It will take real balls to start refusing medical treatment when the day arrives. Unless, I suppose, one is diagnosed with some disease for which the treatment prolonged, painful and of dubious efficacy, e.g. some kinds of cancer.
     
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  17. Kittamaru Suppose it makes sense. Wearing a bit thin. Valued Senior Member

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    13,937
    Honestly... if I ever come down with something incurable that results in a loss of my faculties and/or motor functions... I really think I would prefer to just be put out of my misery. A vegetative or semi-vegetative state is like... nightmare fuel for me...
     
  18. spidergoat Venued Serial Membership Valued Senior Member

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    53,205
    I guess you don't understand that the private health insurance system already does that. In fact any scheme to pay for health costs must weigh these questions. What amount of money are you willing to spend to go to extraordinary lengths to save someone's life who may only have a short life ahead and no quality of life? Would you pay a million dollars and rob your children's inheritance to extend the life of your grandmother several years? It feels good to be self-righteous but if you have no alternative, then your criticisms sound like a childish outburst.
     
  19. joepistole Deacon Blues Valued Senior Member

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    It's something many people live with every day. I witnessed my aunt loose her memory. She halucinated frequently. It was tough. Though she had little memory, her emotions were very real. She feared everything. She had almost no control over anything. She would cry for no apparent reason. She was always confused. It was tough on her. It was a bad way to die.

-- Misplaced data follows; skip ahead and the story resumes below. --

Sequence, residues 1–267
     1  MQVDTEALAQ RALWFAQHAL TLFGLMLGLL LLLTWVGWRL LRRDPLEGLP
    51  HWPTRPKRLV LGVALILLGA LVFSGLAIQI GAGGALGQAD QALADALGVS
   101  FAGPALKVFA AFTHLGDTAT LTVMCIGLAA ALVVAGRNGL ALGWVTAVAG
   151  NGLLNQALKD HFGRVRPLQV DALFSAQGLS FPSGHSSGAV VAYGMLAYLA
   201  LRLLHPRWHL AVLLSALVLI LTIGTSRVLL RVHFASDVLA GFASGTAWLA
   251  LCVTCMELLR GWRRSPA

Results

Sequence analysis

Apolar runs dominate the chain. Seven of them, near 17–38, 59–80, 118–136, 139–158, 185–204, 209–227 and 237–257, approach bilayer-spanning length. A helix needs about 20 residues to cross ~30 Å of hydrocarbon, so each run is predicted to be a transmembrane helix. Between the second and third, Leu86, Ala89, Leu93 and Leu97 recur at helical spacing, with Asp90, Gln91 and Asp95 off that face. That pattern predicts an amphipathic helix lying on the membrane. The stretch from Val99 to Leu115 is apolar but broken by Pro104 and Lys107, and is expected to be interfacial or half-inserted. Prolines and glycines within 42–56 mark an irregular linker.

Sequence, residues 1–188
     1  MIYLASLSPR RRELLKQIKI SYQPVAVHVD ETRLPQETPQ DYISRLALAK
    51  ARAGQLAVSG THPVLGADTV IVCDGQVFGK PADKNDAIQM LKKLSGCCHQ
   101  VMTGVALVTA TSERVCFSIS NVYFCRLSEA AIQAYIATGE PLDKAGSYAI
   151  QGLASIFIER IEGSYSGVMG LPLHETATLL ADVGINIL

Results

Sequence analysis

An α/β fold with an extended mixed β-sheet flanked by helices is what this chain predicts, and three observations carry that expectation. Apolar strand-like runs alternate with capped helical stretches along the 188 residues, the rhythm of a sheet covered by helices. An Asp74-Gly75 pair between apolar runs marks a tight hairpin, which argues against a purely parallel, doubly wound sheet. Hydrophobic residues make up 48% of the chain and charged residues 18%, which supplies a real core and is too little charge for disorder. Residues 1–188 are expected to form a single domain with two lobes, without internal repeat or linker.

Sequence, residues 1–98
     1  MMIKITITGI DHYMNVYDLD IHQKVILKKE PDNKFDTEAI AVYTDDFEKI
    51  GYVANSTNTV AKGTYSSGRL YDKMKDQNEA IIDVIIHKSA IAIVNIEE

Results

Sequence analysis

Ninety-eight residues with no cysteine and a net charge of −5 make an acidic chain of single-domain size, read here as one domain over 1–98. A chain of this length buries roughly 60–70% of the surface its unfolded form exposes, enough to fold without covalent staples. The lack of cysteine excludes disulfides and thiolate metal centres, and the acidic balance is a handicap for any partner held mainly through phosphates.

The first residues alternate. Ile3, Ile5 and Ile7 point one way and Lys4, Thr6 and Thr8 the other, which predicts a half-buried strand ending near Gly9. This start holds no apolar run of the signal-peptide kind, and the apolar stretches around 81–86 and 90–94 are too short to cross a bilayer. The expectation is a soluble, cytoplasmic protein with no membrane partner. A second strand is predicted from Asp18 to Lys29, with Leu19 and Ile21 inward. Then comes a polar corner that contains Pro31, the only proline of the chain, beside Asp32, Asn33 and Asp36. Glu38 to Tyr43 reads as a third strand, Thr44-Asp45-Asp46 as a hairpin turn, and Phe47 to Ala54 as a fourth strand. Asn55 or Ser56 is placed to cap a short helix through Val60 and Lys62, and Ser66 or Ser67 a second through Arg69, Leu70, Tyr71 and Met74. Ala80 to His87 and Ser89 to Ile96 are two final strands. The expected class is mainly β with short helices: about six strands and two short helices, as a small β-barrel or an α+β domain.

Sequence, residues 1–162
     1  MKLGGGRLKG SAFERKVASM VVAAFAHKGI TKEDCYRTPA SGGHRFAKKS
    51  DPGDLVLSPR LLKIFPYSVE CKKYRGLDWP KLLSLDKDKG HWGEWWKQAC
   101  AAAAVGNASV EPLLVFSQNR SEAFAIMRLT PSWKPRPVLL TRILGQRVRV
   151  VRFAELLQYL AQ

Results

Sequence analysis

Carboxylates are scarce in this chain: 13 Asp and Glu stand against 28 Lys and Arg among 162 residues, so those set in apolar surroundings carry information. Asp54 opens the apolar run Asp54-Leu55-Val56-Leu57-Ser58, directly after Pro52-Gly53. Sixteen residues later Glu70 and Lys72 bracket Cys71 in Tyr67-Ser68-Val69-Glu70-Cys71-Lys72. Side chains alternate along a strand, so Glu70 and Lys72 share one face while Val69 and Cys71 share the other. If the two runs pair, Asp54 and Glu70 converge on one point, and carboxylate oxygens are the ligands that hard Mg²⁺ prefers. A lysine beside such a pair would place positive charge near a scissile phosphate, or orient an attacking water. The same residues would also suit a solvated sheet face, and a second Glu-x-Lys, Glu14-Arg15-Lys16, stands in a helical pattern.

I placed her in a Medicare hospice program and hired healthcare workers to care for her. Thank God for the hospice people. They were wonderful. Even with the best of care it wasn't easy on her.
     
  20. Kittamaru Suppose it makes sense. Wearing a bit thin. Valued Senior Member

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    13,937
    I couldn't do it Joe...I really couldn't. My mind is my greatest asset, my most potent weapon, and my primary defense... to lose it is to lose myself. I don't think I could live like that, I really couldn't.
     
  21. Captain Kremmen All aboard, me Hearties! Valued Senior Member

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    If ever I'm not able to watch TV and suck beer through a straw,
    I'll think that life's not worth living.
     
  22. exchemist Valued Senior Member

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    But you don't know how you would feel when that situation actually arrived. The urge for self-preservation is very strong. I suspect you might feel "Maybe one more day, then I'll call a halt."….every day. Unless you were in great physical pain or mental anguish. But I really think none of us can predict whether a given state of incapacity would leave us feeling it was all hopeless or whether we would, surprisingly, find reasons to make life worth continuing.
     
  23. joepistole Deacon Blues Valued Senior Member

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    22,908
    Indeed. we never know until it happens and sometimes not even then. In my aunt's case her disease snuck up on her. It was slow and insidious. She lacked the mental faculties to comprehend her situation. Her mental faculties gradually diminished but her emotional capabilities remained fully intact and unrestrained. I know her confusion scared her. Her fears were very real to her. I knew what she was going through, but was powerless do help. No magic and no medicine could cure her or restore her. Medications helped to a degree but only to a degree. It was a horrible way to go. Back in the day, some 40 plus years ago when I was a young corpsman attending my first patient, a cancer patient, I thought that was the most horrible way to go. Now I don't know which is worse.